In September, Joonko announced a $25 million Series B funding round led by Insight Partners, with support from Berlin-headquartered firm Target Global and existing investors Kapor Capital and Vertex Ventures Israel. The round brought the total amount of funds raised by the startup to date to $38 million.

Finding the right candidate

Here’s an example of how Joonko fits into the recruiting process: a female software engineer interviews for a post at one of the companies that partners with Joonko. She makes it to the final stages of the interview but does not get the job or decides not to accept the post. At that point, the recruiter at the company offers her the option to join the Joonko talent network. If she agrees, the recruiter informs Joonko, and the startup sends the woman an email to invite her to join its network.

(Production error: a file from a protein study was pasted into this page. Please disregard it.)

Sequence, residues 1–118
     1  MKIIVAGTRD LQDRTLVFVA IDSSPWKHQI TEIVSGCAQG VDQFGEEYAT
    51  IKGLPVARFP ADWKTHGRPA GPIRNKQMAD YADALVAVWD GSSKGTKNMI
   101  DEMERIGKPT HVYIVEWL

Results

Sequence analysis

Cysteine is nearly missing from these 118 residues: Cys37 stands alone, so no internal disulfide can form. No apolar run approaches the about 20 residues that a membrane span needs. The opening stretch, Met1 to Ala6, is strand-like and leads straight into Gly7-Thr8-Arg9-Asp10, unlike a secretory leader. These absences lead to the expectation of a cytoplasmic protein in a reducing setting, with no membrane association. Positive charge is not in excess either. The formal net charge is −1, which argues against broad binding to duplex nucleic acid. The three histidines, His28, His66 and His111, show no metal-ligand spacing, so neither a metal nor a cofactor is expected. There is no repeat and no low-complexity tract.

If she accepts, Joonko’s algorithm jumps into action, determining from publicly identifiable information if that person is an underrepresented candidate and suitable for the network: Is the person a woman, a person of color, a person from a diverse cultural or ethnic background, or an army veteran?

“If someone passes seven out of 13 of the checks that we have, we then send them the offer to join the pool. Once they get the offer, they decide to opt in or not… 87% of people who get the offer join the pool, join our talent network,” said Brown. Once they give their consent, the algorithm connects them to jobs that are like what they originally applied for, with Joonko’s partner companies.